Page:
6 Ways Passwords Fail Basic Security Tests
Curtis Franklin Jr., Senior Editor at Dark Reading,  10/28/2020
Register for Dark Reading Newsletters
White Papers
Video
Cartoon
Current Issue
How to Measure and Reduce Cybersecurity Risk in Your Organization
In this Tech Digest, we examine the difficult practice of measuring cyber-risk that has long been an elusive target for enterprises. Download it today!
Flash Poll
How IT Security Organizations are Attacking the Cybersecurity Problem
How IT Security Organizations are Attacking the Cybersecurity Problem
The COVID-19 pandemic turned the world -- and enterprise computing -- on end. Here's a look at how cybersecurity teams are retrenching their defense strategies, rebuilding their teams, and selecting new technologies to stop the oncoming rise of online attacks.
Twitter Feed
Dark Reading - Bug Report
Bug Report
Enterprise Vulnerabilities
From DHS/US-CERT's National Vulnerability Database
CVE-2020-5991
PUBLISHED: 2020-10-30
NVIDIA CUDA Toolkit, all versions prior to 11.1.1, contains a vulnerability in the NVJPEG library in which an out-of-bounds read or write operation may lead to code execution, denial of service, or information disclosure.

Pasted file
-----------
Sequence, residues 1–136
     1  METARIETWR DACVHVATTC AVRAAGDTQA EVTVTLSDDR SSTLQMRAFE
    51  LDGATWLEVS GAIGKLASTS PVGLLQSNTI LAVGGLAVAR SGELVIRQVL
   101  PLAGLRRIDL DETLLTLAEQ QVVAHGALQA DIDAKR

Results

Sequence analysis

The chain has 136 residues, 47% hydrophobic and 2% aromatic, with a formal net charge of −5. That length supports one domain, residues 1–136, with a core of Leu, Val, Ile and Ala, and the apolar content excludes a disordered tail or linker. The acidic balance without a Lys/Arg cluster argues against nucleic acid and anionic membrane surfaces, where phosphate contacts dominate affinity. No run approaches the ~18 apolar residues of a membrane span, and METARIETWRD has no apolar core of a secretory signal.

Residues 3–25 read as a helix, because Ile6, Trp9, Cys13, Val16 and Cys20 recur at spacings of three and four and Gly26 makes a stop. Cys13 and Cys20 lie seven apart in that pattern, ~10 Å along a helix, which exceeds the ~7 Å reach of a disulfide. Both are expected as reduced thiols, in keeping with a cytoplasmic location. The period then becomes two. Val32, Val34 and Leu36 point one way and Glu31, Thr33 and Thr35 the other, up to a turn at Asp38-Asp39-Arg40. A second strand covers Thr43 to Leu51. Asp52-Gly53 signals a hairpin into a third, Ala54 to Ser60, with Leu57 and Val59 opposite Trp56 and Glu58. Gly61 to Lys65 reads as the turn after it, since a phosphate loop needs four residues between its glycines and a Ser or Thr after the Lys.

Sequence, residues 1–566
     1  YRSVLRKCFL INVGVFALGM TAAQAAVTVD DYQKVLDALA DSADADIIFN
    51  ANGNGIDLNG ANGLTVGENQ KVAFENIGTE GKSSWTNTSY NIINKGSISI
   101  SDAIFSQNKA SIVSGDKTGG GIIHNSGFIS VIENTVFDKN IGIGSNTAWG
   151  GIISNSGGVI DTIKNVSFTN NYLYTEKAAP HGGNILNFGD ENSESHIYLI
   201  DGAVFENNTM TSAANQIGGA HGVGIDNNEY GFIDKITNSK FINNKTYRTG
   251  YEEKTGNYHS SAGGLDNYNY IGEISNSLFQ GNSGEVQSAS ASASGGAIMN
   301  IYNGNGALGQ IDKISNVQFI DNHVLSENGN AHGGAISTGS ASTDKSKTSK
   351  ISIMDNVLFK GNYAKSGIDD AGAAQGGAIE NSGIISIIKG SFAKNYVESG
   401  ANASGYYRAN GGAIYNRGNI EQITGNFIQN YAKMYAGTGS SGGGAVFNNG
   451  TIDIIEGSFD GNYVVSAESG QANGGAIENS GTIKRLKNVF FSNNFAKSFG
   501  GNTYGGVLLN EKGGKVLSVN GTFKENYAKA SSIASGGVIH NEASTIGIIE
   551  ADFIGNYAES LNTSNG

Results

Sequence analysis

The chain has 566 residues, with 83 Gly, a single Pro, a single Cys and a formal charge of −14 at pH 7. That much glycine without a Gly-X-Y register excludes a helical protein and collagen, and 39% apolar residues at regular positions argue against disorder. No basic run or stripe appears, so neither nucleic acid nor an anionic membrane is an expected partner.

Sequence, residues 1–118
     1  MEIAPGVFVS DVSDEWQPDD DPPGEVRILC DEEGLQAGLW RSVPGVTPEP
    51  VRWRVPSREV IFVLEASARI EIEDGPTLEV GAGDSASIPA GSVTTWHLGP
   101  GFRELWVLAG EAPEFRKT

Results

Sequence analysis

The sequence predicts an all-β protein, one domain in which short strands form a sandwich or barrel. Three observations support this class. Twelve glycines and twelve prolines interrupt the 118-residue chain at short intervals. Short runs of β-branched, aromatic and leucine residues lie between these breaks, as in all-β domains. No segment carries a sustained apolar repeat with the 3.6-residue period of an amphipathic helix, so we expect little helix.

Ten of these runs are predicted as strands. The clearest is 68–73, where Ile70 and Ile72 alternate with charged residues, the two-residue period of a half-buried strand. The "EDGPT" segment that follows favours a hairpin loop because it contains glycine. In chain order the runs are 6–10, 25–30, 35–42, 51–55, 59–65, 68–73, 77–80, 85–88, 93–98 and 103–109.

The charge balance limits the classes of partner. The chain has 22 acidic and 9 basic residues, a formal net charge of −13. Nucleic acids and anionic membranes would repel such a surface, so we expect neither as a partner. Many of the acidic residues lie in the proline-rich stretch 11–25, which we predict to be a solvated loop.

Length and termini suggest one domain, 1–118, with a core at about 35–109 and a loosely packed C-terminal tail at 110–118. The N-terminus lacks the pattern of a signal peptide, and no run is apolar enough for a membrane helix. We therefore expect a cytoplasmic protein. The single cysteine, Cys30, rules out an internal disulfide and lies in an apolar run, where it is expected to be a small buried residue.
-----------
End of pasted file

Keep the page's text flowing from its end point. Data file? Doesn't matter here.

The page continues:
CVE-2020-15273
PUBLISHED: 2020-10-30
baserCMS before version 4.4.1 is vulnerable to Cross-Site Scripting. The issue affects the following components: Edit feed settings, Edit widget area, Sub site new registration, New category registration. Arbitrary JavaScript may be executed by entering specific characters in the account that can ac...
CVE-2020-15276
PUBLISHED: 2020-10-30
baserCMS before version 4.4.1 is vulnerable to Cross-Site Scripting. Arbitrary JavaScript may be executed by entering a crafted nickname in blog comments. The issue affects the blog comment component. It is fixed in version 4.4.1.
CVE-2020-15277
PUBLISHED: 2020-10-30
baserCMS before version 4.4.1 is affected by Remote Code Execution (RCE). Code may be executed by logging in as a system administrator and uploading an executable script file such as a PHP file. The Edit template component is vulnerable. The issue is fixed in version 4.4.1.
CVE-2020-7373
PUBLISHED: 2020-10-30
vBulletin 5.5.4 through 5.6.2 allows remote command execution via crafted subWidgets data in an ajax/render/widget_tabbedcontainer_tab_panel request. NOTE: this issue exists because of an incomplete fix for CVE-2019-16759. ALSO NOTE: CVE-2020-7373 is a duplicate of CVE-2020-17496. CVE-2020-17496 is ...